How does this tie to family or small business ownership? These types of businesses can have an even greater challenge with mindset. The lack of regular accountability for one's attitude, idea generation, willingness to push the boundaries and get out of the comfort zone, and addressing failure allows for a greater chance of settling into a negative mindset. Therefore, it is easier to get stuck in the status quo of the past, blaming the lack of time to learn and being comfortable where we are and wanting to stay that way -- all of which lead to the greater chance of long-term failure.
What was in the first business owner's mindset that made the difference? Below are the five action steps that brought him to the mindset for greater success than his counterpart:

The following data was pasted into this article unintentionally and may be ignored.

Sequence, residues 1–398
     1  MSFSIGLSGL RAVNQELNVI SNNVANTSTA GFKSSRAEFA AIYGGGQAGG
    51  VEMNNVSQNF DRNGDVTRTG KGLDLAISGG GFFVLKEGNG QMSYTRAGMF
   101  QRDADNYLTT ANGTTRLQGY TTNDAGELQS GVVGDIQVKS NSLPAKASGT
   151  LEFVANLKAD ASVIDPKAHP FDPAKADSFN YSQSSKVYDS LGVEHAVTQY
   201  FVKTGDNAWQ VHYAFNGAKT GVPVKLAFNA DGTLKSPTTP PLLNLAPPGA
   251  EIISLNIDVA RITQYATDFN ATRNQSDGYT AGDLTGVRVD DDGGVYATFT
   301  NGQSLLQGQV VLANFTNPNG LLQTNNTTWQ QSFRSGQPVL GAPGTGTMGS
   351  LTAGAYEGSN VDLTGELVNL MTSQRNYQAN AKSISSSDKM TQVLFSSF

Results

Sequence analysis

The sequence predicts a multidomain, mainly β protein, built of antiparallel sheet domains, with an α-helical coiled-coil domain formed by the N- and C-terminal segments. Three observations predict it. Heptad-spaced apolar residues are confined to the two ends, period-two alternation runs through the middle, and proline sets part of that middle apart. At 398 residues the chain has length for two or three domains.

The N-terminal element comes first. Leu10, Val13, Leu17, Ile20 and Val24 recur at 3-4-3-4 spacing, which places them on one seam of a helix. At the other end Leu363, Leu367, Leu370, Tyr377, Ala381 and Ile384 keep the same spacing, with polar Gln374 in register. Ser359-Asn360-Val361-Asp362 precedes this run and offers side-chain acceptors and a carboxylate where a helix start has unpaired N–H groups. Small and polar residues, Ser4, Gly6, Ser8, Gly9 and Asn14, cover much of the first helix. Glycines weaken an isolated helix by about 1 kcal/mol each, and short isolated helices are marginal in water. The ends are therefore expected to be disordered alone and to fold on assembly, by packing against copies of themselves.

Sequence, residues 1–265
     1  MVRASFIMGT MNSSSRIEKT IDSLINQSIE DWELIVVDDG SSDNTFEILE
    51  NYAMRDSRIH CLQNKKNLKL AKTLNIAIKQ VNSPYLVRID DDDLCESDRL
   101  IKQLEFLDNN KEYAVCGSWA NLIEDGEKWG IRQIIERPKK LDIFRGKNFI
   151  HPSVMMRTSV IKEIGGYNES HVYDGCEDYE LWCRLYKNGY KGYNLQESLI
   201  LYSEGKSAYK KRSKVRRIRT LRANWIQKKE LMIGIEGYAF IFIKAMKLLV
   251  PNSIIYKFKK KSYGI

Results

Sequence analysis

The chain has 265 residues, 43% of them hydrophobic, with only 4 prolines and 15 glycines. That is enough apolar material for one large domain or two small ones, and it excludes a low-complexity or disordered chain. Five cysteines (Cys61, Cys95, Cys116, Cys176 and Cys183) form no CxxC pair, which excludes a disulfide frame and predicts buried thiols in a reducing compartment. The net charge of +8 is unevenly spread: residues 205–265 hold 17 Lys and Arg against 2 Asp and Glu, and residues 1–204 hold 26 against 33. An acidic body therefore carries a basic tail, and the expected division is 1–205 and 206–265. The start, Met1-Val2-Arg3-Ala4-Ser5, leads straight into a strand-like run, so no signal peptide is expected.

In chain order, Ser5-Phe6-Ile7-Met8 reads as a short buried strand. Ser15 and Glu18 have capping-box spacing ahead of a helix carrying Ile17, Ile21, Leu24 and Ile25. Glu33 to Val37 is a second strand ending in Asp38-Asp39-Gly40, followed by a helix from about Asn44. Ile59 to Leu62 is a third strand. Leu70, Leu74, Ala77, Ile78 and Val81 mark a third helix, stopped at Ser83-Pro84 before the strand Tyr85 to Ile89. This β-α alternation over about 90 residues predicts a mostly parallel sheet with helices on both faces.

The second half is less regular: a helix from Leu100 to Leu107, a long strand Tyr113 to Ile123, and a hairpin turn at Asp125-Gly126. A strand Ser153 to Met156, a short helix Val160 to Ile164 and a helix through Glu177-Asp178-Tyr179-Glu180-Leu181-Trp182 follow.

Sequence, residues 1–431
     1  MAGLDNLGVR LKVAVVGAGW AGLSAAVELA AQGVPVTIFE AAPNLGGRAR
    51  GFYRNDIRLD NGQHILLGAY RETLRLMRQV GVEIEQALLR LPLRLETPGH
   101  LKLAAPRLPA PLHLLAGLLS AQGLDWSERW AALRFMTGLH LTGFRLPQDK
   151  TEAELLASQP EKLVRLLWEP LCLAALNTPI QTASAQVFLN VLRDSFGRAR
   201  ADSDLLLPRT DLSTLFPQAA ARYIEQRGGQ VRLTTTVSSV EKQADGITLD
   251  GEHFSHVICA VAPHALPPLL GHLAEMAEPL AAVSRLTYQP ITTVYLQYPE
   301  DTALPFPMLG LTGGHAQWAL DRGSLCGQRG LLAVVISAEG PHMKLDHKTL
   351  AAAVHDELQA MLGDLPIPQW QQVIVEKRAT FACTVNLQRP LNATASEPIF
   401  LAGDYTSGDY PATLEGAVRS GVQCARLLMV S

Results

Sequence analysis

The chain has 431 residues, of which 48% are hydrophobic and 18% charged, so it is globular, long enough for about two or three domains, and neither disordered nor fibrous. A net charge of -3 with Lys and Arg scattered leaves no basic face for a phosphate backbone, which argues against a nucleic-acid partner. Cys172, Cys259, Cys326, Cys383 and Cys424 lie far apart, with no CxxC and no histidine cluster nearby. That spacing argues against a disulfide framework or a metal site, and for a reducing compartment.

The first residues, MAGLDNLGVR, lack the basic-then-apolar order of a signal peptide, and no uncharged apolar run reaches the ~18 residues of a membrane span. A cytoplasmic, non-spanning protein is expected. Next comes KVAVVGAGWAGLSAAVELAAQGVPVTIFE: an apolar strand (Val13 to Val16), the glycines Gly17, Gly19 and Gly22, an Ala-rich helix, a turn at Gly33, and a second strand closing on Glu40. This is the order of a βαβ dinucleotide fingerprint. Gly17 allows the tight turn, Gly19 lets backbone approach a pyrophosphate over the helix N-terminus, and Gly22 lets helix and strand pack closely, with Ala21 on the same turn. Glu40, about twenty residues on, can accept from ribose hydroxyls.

1) He was eager to learn from others by asking for feedback, and being open to whatever feedback came his way, no matter how difficult it was to hear. He then implemented lessons learned and measured the success it generated.
2) Every day was filled with gratitude. He was grateful when a customer was willing to share how his service could improve (yes, even the best companies get complaints). He had a mindset that an employee problem was an opportunity to learn how to hire, train, communicate, and motivate his team better. He was grateful for all of it -- no matter the difficulties.
3) He was a business owner first and electrical contractor second. He viewed everything from the perspective of a business owner. Although he knew the product and services needed to be delivered and delivered well, he also knew that without systems, marketing, strong financials, and strong business fundamentals, he could never leverage himself to allow the business to grow.